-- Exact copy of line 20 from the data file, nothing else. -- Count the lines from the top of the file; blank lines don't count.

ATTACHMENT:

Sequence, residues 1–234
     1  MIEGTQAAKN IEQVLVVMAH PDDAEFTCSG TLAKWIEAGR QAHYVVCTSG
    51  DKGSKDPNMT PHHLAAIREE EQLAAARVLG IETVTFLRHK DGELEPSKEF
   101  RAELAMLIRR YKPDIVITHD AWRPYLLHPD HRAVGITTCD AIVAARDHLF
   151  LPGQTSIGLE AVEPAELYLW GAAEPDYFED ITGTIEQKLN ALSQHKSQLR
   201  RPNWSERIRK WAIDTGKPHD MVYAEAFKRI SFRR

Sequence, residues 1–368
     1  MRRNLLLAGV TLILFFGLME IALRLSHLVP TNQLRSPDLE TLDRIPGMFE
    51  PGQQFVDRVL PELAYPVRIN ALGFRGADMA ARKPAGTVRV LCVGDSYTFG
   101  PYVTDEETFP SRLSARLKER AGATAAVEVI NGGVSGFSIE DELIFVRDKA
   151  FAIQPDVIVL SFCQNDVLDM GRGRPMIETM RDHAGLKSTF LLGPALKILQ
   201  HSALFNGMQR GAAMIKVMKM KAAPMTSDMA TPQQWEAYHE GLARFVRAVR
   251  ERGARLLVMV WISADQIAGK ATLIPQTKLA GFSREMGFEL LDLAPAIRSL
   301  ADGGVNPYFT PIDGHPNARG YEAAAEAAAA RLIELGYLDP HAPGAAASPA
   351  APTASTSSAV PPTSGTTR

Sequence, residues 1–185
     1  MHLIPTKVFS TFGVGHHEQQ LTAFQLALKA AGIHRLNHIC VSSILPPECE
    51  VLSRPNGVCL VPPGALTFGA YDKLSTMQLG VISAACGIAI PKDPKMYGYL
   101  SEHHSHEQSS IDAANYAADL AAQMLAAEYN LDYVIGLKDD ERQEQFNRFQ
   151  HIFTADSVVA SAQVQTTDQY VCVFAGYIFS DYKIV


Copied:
   151  HIFTADSVVA SAQVQTTDQY VCVFAGYIFS DYKIV